The UK Supreme Court awards damages for commercial surrogacy and donor conception
A ground-breaking legal ruling by the UK Supreme Court on 1 April 2020 awards damages to a woman for Californian commercial surrogacy and donor conception following a delay in detecting cervical cancer in the case of Whittington Hospital NHS Trust v XX  UKSC 14.
The Defendant hospital admitted failing to detect cancer from smear tests in 2008 and 2012 and biopsies taken in 2012 and 2013. Very sadly, the Claimant (then aged 29) went on to develop cancer of the cervix and needed chemo-radiotherapy treatment that made her infertile and caused severe radiation damage.
Due to the delayed cancer diagnosis and the size of the tumour, the Claimant was unable to have surgery to save and protect her fertility and she suffered a complete loss of fertility. She had always wanted a large family of her own and she was so upset by the diagnosis that she delayed her cancer treatment twice to obtain further medical opinions about the scope for fertility sparing surgery. When she learned this was not an option in her case, she underwent an egg freezing cycle in June 2013 and froze 8 mature eggs. A few days later, she underwent urgent surgery followed by chemo-radiotherapy. This caused so much damage to her uterus and ovaries that she was left unable to conceive or carry a pregnancy and it triggered premature menopause.
As a result, the Claimant sought damages to enable her to enter into commercial surrogacy arrangements in California to have four children using her own or donor eggs and her partner’s sperm.This took into account her concerns about the informal and legally restricted nature of surrogacy in the UK. It also reflected the fact that commercial surrogacy in California offers legally binding surrogacy arrangements and pre-birth orders in the Californian court which recognise the intended parents as the surrogate born child’s legal parents at birth.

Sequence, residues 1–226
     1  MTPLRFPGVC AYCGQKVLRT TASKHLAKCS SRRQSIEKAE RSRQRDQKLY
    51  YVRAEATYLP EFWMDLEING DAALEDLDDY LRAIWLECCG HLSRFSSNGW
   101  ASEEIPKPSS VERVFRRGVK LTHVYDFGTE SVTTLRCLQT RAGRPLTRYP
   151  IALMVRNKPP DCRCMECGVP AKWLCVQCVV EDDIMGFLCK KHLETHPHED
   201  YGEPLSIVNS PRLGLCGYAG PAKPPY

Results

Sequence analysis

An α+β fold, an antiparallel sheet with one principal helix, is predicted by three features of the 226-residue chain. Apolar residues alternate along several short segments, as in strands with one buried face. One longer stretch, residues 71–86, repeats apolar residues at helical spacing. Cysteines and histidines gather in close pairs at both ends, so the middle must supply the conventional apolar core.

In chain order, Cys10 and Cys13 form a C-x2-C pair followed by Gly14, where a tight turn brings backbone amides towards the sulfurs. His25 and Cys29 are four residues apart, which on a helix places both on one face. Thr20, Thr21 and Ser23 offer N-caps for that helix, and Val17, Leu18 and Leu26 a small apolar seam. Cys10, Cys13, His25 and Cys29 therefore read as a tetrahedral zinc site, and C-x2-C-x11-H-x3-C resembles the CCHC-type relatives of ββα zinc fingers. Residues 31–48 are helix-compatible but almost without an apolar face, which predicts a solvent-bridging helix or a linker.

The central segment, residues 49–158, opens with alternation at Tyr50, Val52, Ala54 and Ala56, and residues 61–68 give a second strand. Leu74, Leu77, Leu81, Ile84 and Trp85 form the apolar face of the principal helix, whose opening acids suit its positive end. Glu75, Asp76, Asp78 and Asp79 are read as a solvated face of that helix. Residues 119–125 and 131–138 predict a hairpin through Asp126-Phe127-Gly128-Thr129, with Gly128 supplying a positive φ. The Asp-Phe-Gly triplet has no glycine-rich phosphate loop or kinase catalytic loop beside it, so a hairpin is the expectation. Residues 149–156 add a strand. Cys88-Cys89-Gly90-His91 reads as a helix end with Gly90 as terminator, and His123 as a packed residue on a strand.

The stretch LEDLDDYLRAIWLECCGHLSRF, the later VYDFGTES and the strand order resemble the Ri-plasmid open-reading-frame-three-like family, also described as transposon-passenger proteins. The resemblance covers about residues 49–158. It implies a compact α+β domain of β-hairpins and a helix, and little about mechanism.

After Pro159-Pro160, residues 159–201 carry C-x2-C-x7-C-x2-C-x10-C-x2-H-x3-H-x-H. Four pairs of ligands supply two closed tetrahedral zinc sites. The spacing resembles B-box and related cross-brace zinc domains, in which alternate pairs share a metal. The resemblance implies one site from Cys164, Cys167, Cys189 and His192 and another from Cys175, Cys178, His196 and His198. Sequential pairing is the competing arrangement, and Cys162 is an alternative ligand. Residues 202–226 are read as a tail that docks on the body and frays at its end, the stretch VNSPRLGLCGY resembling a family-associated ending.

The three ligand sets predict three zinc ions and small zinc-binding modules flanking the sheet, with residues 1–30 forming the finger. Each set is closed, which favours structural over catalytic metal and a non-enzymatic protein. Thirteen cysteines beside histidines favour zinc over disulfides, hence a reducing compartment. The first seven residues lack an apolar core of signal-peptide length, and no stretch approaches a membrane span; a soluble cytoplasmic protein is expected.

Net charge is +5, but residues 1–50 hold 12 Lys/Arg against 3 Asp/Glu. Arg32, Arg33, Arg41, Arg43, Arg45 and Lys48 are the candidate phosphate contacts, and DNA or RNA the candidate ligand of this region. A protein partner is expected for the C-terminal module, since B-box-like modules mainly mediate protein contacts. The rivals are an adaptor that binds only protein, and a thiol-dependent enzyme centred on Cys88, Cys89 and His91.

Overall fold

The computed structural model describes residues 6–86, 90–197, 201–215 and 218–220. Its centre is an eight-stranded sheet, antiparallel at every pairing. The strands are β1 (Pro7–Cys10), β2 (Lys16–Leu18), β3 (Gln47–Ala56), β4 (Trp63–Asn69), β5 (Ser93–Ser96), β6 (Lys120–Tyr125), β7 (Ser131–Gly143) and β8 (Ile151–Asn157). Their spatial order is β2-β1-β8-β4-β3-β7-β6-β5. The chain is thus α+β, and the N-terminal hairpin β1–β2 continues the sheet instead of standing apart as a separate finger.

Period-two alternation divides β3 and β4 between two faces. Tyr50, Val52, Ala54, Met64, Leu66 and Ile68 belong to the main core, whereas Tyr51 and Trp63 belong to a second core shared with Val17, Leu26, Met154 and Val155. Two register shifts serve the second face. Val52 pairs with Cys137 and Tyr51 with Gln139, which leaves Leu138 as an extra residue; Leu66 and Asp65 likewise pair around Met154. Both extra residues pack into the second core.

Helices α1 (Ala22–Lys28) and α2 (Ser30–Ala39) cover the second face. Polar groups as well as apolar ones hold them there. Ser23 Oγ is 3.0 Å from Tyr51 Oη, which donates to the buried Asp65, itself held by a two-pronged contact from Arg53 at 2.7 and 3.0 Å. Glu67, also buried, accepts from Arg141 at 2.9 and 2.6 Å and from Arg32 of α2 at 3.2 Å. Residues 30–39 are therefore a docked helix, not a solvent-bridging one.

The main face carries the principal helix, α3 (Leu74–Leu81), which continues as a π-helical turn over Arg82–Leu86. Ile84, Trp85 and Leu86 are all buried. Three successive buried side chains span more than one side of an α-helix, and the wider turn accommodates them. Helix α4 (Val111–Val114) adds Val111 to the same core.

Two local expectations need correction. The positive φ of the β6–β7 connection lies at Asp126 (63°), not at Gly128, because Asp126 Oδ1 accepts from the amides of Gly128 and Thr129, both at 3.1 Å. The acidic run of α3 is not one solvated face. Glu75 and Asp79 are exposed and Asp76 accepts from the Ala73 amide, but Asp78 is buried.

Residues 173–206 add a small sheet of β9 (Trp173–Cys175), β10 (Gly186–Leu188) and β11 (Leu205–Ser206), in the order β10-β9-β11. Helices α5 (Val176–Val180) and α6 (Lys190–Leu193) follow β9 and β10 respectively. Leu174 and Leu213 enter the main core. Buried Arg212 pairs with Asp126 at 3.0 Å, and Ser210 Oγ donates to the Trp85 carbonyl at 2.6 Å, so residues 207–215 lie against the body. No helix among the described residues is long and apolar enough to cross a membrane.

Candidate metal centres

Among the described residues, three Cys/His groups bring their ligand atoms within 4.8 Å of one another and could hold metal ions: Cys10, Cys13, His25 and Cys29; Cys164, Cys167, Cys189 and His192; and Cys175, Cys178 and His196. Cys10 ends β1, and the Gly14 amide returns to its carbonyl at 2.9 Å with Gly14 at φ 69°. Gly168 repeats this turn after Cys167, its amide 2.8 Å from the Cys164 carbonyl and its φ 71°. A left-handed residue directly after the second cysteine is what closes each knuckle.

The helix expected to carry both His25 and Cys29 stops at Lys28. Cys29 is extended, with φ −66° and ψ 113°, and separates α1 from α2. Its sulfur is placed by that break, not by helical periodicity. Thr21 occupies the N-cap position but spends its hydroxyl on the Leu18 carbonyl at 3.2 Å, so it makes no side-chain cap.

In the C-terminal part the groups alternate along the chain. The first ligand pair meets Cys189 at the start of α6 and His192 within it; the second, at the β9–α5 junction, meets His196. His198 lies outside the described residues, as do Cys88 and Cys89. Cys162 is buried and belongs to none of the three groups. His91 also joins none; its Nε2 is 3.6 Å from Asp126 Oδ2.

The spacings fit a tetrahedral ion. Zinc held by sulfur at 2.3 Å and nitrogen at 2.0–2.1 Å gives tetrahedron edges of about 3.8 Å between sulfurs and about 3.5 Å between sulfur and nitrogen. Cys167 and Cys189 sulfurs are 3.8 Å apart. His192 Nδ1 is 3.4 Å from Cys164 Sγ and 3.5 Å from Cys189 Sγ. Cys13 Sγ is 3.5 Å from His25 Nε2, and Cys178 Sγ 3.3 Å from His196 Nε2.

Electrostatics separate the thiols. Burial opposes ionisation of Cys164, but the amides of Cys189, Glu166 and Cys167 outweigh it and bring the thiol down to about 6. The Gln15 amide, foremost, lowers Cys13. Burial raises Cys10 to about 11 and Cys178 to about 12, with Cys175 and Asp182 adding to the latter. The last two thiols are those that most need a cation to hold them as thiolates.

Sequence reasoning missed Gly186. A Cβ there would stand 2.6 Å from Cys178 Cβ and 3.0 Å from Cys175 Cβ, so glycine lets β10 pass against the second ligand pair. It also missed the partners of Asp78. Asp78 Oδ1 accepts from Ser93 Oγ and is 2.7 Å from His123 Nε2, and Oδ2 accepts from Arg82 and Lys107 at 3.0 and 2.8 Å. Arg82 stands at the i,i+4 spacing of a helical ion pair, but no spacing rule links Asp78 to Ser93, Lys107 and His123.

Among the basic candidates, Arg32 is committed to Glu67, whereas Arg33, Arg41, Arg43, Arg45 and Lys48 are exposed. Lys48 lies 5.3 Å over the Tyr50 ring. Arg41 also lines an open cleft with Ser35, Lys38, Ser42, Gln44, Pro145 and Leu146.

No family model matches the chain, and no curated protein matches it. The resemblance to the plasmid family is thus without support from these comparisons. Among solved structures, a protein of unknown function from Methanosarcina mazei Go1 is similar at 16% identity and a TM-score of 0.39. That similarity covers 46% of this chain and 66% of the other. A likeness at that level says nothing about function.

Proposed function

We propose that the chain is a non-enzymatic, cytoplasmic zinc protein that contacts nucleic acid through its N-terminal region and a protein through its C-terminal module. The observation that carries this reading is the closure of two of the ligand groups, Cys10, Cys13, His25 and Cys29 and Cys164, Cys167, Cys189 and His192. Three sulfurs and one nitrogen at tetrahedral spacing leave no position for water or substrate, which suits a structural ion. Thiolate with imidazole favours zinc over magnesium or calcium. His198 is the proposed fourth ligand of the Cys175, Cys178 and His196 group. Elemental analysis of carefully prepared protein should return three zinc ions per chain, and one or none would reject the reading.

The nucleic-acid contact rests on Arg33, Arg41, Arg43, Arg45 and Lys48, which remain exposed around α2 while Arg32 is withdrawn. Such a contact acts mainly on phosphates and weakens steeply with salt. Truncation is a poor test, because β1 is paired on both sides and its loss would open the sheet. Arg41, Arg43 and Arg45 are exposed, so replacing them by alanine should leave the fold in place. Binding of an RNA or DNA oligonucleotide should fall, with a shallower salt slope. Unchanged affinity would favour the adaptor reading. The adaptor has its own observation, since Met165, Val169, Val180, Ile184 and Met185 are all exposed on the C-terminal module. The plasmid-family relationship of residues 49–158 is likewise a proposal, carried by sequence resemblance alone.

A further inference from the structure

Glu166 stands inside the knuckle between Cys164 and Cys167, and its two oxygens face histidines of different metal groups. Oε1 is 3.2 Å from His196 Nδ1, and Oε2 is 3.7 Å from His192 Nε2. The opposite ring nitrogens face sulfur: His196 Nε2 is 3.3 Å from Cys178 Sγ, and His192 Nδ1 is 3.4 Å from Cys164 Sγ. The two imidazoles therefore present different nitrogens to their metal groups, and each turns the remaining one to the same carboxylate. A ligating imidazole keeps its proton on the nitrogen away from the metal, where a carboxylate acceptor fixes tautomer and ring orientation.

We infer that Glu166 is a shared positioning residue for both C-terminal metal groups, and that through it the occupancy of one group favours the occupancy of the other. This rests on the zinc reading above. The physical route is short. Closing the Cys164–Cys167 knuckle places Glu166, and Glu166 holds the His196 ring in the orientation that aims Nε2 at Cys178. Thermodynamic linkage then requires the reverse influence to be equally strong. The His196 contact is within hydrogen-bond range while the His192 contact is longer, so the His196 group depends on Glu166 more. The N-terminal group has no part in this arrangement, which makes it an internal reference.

The case was first heard in the English High Court in June 2017, where a limited damages award for two altruistic UK surrogacies was made in the sum of £74,000. Whilst this was a step forward in addressing restrictive law and public policy and represented the first award for altruistic surrogacy damages in the UK, it was not an acceptable outcome for either the Claimant or the Defendant.
The case then went to the Court of Appeal in November 2018, which increased the damages award to cover the costs of fertility treatment and commercial surrogacy in California to approximately £560,000 out of a total award of £1.1 million.
The case was then appealed to the Supreme Court and heard in December 2019, handing down its judgment on 1 April 2020. The Supreme Court by a majority of 3:2 dismissed the Defendant hospital’s appeal. This enabled the Claimant to recover damages for commercial surrogacy and donor conception costs in the US. In doing so, the Supreme Court made clear that donor egg surrogacy is a legitimate means of compensation.
Leading fertility and family law expert Louisa Ghevaert provided expert evidence on surrogacy, donor conception and fertility law in this ground-breaking legal case and comments:
“I welcome this significant and progressive legal ruling. It marks an important step forward in the development and intersection of medical negligence, fertility and surrogacy law in the UK. It enables a ‘fertility’ head of claim in cases where a person’s fertility and ability to conceive a child has been lost or undermined through medical negligence, including claims for overseas commercial surrogacy and donor conception in cases where it is deemed reasonable. It also helps increase awareness about the importance of individual fertility, donor conception and surrogacy. However, there is still more that needs to be done protect people’s fertility and promote their ability to have children”.
Written by Louisa Ghevaert, founder of specialist fertility and family law firm Louisa Ghevaert Associates www. https://louisaghevaertassociates.co.uk/, email firstname.lastname@example.org,ukor call +44 (0)20 7965 8399.
You can also read Louisa Ghevaert’s comment piece on this case dated 6 April 2020 in BioNews here – https://www.bionews.org.uk/page_149038.
You can read the full Supreme Court judgment here – https://www.supremecourt.uk/cases/docs/uksc-2019-0013-judgment.pdf.